Could I get a collective “WTF?!” from everyone?
With all of this ridiculous uncertainty, the family battled growing stress and tension. No one seemed happy in our new paradise. Me, especially. I was running ragged trying to teach, deal with a failing and unfair contract, look for new work, and was back to remembering exactly why we left California in the first place.
People have asked me over the last six months if we miss Portland. Yes. Absolutely. Daily.
My desire to come back to California was so great, I didn’t think there would be any mourning over Portland. Portland gave us what we needed, and it was time to move on. Though it seemed transitional, Portland was home. Six years in Portland is considerable. Two of our children didn’t even remember living in California prior to living in Portland. Portland was all they knew. One of our children was born in Portland.
So we sat, in our new home —with western and southwestern exposure to the ocean, sunshine, and a near consistent 70 degrees each day— but with mountainous stress and a longing to just take the easier road and go back to Portland. Who wanted to start over somewhere new? That was hard. I was not a fan of putting in 6 more years to feel settled.
Homesickness for Portland crept in. For all of us. Could I get another collective “WTF?!” Moving here was supposed to be easy, right? It’s where we (I, rather), wanted to be, right? It was like the ocean and palm trees were mocking me. The blue sky laughed and said, fooled you, didn’t I?
Why wasn’t this new transition working?
Square peg, round hole. Square peg, round hole. Square peg, round hole.
Was this not the right fit for us?
With a failed contract negotiation with my first job here, teaching alone was proving to not be sustainable. Thinking about how little work I could find in Portland, I was not optimistic about finding work here. I opened up my scope and serendipitously enough, I found marketing administration work for an urban planning firm. I say serendipitously, as this firm was responsible for some of the redevelopment work in the town we moved to. Work that I had read about a year earlier when I was researching living in this area. So far, it has been a great fit. I had to give up teaching in order to take on this huge a role. It is a small firm, with two offices, here and in San Francisco. But so far, the give and take has been worth it. I am enjoying the work, and its easing our uncertainty and stress. It’s allowing us to settle. To feel secure.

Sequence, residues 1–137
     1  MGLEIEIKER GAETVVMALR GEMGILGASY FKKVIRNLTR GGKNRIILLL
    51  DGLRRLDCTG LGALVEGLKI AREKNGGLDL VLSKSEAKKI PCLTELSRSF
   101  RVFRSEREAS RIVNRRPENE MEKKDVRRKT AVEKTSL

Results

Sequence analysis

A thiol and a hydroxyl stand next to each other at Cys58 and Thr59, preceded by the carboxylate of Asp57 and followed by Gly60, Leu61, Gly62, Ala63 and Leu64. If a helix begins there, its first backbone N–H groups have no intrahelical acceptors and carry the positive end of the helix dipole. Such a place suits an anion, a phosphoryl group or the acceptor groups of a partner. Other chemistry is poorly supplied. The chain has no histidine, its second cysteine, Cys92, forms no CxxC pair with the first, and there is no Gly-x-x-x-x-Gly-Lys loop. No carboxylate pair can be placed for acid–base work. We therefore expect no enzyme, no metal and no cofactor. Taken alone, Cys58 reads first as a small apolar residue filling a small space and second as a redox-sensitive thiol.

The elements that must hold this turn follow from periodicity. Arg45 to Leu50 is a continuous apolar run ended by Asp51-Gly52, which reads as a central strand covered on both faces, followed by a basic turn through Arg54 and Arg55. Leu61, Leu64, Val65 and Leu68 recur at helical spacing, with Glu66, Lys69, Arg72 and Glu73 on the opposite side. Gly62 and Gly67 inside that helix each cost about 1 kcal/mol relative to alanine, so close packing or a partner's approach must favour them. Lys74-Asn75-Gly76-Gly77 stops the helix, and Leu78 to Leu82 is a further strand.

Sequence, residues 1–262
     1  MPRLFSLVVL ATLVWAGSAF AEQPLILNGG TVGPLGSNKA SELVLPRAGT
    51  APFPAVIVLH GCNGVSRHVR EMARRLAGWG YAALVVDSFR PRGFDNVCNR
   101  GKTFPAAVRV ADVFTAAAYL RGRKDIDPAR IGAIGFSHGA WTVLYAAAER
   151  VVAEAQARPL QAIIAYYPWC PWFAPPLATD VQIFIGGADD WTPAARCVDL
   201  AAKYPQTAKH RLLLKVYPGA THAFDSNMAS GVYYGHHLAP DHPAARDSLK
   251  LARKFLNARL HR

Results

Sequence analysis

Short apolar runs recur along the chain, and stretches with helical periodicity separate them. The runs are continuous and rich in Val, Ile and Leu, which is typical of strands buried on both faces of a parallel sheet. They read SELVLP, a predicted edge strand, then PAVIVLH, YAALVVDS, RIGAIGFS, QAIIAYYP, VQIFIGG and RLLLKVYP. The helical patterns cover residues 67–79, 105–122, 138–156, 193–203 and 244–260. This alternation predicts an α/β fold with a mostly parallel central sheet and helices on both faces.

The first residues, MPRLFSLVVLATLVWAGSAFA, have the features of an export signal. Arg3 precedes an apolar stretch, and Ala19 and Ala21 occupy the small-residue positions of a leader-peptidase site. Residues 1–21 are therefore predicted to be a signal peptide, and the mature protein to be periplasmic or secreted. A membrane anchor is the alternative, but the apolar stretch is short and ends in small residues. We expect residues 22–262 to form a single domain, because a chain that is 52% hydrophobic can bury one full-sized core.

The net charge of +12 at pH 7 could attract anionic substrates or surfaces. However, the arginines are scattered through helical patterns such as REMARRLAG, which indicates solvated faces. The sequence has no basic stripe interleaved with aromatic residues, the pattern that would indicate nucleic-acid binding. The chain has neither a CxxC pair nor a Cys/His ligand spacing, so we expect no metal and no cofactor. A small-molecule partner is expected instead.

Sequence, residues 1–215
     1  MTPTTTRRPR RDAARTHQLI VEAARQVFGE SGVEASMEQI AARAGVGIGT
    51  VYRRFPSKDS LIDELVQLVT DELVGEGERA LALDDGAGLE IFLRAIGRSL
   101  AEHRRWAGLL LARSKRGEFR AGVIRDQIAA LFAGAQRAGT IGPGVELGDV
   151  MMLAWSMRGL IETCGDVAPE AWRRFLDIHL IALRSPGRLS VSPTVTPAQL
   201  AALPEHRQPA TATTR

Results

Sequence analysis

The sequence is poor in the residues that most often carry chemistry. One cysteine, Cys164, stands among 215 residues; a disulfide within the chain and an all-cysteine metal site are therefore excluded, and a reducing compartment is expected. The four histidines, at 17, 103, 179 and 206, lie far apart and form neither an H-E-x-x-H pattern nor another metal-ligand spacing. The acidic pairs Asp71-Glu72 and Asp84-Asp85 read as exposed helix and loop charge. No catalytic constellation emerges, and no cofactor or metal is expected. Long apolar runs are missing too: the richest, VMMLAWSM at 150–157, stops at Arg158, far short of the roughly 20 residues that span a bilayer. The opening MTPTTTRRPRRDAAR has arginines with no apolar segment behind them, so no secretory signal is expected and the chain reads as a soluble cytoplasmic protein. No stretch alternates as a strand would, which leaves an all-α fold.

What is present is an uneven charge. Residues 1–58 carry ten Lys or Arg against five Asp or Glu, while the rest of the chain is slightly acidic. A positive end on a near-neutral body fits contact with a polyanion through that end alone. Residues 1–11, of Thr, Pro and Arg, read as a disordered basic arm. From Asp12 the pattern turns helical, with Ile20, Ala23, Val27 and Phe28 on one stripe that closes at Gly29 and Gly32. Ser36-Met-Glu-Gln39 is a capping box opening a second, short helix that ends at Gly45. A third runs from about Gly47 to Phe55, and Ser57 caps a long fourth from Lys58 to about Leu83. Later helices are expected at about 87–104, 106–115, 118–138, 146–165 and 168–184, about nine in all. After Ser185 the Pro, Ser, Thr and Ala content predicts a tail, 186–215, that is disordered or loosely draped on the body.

With this newfound sense of security in our new home, we set ourselves a light at the end of the tunnel. A little litmus test for staying here. Let’s just see how we feel after the holidays, we said. We recalled our last holidays alone in Portland, and that didn’t seem like such fun. The fact remained, that although we love and miss Portland, it was just us there. Out in the silo. Trips to see our family in the Bay area were few and far between. In fact, since moving to the central coast, we’ve seen our family more in the six months we’ve been here, than we did collectively through our six years in Portland.
The holidays came and went, and boy, they were definitely fulfilling. For me, personally, each time we left the Bay area, I felt emotionally contented. It was nice to go back home to the coast. When we would leave the Bay and return to Portland, it felt as if my appendages were being torn from me. Back in Portland, it would take me a few weeks to get back into the groove and not miss the Bay. It was almost more painful to visit home than not.
But here, it’s so easy. It’s so easy to shoot up to the Bay over the weekend, with so little effort. Such a short drive. Such a beautiful drive.
So now that the holidays have passed, and some stability has returned to our life, we are hopeful. We are hopeful that the worst of the transition is behind us. We are hopeful of things to come here. We are hopeful this can remain our home.
And, we still miss Portland. But not because it is the easier of two choices, the easy road, but for reasons of genuine love for the experiences we had there. The homesickness that creeps in on me during the wee hours is now a soothing sadness, eased away each morning by the beautiful Pacific.